Playing a full-scale game like The Legend of Zelda: Breath of the Wild on a TV screen and then popping off into another room to get in a last dungeon or two before bed might not sound like much but… when the gameplay transitions with no loss in quality, within seconds, and no matter which direction you’re moving in, you’ll find yourself wondering how you ever did without the Switch in your life. The added benefit of being able to play full-fledged games while someone else uses the home TV (and without having to purchase a Vita, an Xperia device, or set up a wireless connection to a Windows 10 PC, in the case of Sony and Microsoft’s ‘similar’ options) is also hard to deny.
Don’t go thinking that this is an alternative to the Xbox One or the PlayStation 4, by the way. This looks like a different beast altogether, one with the potential to change home gaming the way that the Wii did. With fewer remotes lobbed through TV screens, that is.
The Bad: Online, Storage, And Uncertainty
Nintendo doesn’t have it all their own way with the Switch, repeating at least one of the mistakes of the past — the Wii U’s limited storage. Yes, this spanking-new console only has 32GB of internal storage so you’re going to have to shell out for expansion cards if you’re the type who likes to download their games. And these days, that’s pretty much everyone. We could have done without the additional expense, to be quite honest. Extra controllers and other peripherals are expensive enough.
There are two other points to consider, both of which have the potential to be… not so bad. It’s just that right now we’re uncertain about a few things. One of those is online multiplayer, something that Nintendo has historically made complicated and handled rather poorly. This time around online play will require a paid subscription so hopefully the kinks will all be ironed out by the application of loads of money. Unfortunately we haven’t had any proper multiplayer titles yes so we’re unable to test the (free, for now) online component properly.
The other uncertain element is the games lineup. Whatever anyone tells you, the Wii U was an okay console. Better than okay, because it got Bayonetta 2. But what killed it wasn’t so much a lack of sales as it was a lack of games to play on the thing and it’s this hurdle that Nintendo has to clear with the Switch. Enough developers get on board and the console will be a raging success. If they stay away in droves then this lovely, versatile piece of gaming hardware will tank. Early hardware sales suggest that developers are going to be throwing some effort this way — they go where the gamers are, after all. For now, we’re expecting a normal console life-span. Which is great, because we love playing on the Switch. But we also understand if you’re feeling overly cautious right now.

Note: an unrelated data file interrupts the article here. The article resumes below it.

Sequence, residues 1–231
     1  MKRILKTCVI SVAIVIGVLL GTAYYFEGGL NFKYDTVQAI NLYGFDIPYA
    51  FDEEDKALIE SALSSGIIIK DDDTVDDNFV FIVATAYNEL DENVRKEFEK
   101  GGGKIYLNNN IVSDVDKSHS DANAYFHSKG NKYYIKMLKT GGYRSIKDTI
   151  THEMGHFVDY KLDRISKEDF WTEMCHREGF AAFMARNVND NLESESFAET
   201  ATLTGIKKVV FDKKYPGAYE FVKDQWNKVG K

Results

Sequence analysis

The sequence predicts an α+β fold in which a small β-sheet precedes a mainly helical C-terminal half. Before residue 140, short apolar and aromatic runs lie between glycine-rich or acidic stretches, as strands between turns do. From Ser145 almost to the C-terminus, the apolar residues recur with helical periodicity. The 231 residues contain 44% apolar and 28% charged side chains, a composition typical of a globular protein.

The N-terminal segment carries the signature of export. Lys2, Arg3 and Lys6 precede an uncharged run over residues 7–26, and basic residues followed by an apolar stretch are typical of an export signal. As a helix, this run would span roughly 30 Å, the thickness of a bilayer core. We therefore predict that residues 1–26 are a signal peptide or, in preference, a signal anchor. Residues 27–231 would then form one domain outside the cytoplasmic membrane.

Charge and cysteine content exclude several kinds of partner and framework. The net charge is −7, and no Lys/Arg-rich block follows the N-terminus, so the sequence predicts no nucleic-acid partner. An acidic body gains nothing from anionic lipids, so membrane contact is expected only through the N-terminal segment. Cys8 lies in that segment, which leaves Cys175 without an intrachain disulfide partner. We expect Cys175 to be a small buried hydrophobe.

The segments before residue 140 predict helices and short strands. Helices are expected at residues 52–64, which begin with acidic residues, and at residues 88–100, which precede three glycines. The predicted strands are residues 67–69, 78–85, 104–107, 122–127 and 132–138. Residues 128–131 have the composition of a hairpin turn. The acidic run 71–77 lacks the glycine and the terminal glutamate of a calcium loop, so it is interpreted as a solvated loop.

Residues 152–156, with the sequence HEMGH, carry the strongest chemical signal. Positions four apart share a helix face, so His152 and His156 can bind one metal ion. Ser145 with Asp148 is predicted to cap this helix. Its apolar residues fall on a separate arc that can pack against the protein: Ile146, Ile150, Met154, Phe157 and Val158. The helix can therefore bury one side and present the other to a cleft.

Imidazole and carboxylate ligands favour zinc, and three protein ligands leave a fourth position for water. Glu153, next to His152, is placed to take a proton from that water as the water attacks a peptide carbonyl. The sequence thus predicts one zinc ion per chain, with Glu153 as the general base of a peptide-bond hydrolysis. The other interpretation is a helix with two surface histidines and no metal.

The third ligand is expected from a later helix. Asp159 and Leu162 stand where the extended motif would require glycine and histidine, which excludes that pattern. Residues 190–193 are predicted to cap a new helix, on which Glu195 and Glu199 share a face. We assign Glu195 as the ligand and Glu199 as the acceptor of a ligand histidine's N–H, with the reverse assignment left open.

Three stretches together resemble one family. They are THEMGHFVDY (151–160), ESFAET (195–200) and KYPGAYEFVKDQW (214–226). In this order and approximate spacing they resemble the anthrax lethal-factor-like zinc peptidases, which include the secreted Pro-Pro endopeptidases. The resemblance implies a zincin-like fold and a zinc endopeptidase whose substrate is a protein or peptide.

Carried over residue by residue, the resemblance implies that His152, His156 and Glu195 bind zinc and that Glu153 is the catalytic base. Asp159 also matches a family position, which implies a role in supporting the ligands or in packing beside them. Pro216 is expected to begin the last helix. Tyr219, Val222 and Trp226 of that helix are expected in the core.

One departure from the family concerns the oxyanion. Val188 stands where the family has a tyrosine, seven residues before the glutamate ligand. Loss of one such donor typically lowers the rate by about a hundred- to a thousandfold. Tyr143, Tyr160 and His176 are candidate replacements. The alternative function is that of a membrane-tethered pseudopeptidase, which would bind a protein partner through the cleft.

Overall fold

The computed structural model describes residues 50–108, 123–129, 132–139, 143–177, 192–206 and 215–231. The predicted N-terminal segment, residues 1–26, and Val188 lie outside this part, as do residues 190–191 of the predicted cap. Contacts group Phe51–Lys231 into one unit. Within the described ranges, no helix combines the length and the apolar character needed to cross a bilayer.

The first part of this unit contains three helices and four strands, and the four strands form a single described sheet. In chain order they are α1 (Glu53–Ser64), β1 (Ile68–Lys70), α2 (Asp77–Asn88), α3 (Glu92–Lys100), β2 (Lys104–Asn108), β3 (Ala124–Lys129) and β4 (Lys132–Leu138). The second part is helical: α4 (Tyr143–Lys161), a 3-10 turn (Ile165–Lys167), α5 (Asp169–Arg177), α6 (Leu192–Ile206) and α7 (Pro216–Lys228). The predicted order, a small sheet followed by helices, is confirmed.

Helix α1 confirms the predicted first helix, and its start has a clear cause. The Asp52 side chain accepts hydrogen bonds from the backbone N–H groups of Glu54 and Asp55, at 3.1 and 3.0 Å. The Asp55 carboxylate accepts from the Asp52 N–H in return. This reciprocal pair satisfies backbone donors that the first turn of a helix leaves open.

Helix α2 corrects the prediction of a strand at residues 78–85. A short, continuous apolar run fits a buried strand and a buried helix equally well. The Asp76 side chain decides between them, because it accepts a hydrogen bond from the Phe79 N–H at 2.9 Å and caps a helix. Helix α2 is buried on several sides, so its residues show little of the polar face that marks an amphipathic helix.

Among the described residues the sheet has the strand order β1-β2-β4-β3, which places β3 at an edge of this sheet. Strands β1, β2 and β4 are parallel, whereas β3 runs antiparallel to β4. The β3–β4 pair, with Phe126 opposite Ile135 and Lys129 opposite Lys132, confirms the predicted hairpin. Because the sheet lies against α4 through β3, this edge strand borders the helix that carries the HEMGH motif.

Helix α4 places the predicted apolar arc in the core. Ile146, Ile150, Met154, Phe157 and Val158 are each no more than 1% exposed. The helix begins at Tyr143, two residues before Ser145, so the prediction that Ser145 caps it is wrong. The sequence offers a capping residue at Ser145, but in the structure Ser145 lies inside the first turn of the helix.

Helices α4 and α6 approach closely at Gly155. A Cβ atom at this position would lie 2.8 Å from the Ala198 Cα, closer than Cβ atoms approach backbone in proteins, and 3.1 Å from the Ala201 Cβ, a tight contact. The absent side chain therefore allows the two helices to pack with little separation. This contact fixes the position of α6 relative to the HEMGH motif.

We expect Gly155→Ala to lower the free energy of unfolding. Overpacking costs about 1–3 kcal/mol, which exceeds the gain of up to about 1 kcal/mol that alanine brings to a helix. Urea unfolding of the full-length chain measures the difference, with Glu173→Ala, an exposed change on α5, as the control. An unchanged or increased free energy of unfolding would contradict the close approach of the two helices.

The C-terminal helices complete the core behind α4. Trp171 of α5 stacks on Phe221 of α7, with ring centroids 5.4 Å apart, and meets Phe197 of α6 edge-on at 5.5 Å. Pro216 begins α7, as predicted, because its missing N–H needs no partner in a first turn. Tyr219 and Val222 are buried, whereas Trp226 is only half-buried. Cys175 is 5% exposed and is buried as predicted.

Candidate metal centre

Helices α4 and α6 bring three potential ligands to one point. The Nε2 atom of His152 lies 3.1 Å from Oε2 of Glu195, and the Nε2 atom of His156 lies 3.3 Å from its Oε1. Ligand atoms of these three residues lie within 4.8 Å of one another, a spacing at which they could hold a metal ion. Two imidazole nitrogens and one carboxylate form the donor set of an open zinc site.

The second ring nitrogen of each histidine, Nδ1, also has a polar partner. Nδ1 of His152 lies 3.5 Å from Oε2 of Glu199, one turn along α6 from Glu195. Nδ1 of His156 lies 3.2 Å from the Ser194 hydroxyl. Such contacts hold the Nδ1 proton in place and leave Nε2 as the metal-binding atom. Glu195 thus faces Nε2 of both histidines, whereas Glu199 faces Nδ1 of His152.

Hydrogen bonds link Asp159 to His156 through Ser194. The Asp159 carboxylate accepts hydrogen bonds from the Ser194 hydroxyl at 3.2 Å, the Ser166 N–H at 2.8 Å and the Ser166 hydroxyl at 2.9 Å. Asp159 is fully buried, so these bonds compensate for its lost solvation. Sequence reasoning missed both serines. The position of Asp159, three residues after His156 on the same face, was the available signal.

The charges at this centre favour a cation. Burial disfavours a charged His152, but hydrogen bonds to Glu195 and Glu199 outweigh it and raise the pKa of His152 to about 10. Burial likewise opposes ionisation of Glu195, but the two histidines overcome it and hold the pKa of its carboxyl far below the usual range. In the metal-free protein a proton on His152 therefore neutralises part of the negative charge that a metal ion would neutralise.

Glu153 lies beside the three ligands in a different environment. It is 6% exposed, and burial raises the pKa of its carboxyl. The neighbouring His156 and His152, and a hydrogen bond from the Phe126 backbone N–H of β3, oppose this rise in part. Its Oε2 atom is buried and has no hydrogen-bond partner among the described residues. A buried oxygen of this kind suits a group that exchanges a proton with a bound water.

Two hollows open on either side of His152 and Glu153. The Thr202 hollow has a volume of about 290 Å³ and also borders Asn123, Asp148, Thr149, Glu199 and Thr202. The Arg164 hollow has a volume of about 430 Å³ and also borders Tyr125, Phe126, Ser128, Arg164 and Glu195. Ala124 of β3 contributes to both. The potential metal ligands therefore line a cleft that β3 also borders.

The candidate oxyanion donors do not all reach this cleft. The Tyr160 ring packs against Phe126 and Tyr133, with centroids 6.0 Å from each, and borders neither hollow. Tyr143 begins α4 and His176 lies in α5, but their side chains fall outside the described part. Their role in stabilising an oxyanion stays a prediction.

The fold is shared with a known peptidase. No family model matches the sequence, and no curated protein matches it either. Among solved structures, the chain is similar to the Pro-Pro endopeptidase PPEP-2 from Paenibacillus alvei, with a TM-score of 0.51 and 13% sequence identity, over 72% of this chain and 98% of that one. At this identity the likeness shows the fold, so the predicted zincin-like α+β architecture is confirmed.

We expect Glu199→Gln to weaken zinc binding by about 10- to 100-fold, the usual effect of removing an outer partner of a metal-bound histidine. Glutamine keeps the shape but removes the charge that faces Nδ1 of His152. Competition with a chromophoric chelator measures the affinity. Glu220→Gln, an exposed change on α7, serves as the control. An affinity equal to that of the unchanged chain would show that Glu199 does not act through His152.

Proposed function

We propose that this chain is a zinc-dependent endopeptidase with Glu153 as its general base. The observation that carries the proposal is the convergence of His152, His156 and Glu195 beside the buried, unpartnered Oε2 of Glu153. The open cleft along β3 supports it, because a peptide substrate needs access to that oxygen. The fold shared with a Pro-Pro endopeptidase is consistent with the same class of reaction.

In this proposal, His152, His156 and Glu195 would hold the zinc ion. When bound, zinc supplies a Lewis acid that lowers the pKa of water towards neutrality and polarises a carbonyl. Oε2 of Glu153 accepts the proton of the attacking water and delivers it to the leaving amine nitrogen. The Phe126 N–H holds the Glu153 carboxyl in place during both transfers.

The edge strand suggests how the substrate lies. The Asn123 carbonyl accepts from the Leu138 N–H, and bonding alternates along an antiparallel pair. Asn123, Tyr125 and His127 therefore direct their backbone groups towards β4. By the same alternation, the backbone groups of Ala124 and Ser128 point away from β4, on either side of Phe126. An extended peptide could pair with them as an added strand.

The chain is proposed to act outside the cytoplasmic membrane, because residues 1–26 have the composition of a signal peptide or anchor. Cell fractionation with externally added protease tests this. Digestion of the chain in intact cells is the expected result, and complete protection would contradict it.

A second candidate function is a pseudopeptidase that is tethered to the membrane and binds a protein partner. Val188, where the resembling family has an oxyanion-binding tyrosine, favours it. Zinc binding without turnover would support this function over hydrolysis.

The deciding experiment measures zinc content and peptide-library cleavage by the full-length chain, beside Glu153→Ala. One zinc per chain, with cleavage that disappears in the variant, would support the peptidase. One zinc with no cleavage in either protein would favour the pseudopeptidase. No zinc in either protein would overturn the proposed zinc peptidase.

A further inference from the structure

Nintendo Switch Verdict
We’ve long been of the opinion that lone games are worth buying a console for, with the odd happenstance that only Nintendo games ever seem to fit that bill. Seriously, replacing two dead Wii consoles just to keep playing Super Smash Bros. Brawl makes it the most expensive game we’ve ever owned. And The Legend of Zelda: Breath of the Wild (full review coming next week) is just such a system-seller. We’d hang onto the versatile Switch for that game alone. And Mario Kart 8 Deluxe, Mario Odyssey, Splatoon 2, and any other first-party games that Nintendo releases just mean the Switch is going to get more play time down the road.
But not everyone is as optimistic or, perhaps, easily pleased as we are. The Switch has its good points, like amazing portability functions, a lengthy battery life (especially for the Joy Cons), and at least one stupendous launch title (Zelda, again). That’s offset by a lack of storage and the ever-present worry that we’re looking at the Wii U 2.0. If you’re any kind of Nintendo fan then you should already have a Switch but if you’re on the fence, even a little, then we won’t hold it against you if you want to wait to see what the release lists look like first. But rest assured that you’re in for a polished experience when you do plonk down that R5,200 (plus extra for storage expansion, more controllers, all that stuff) for the console.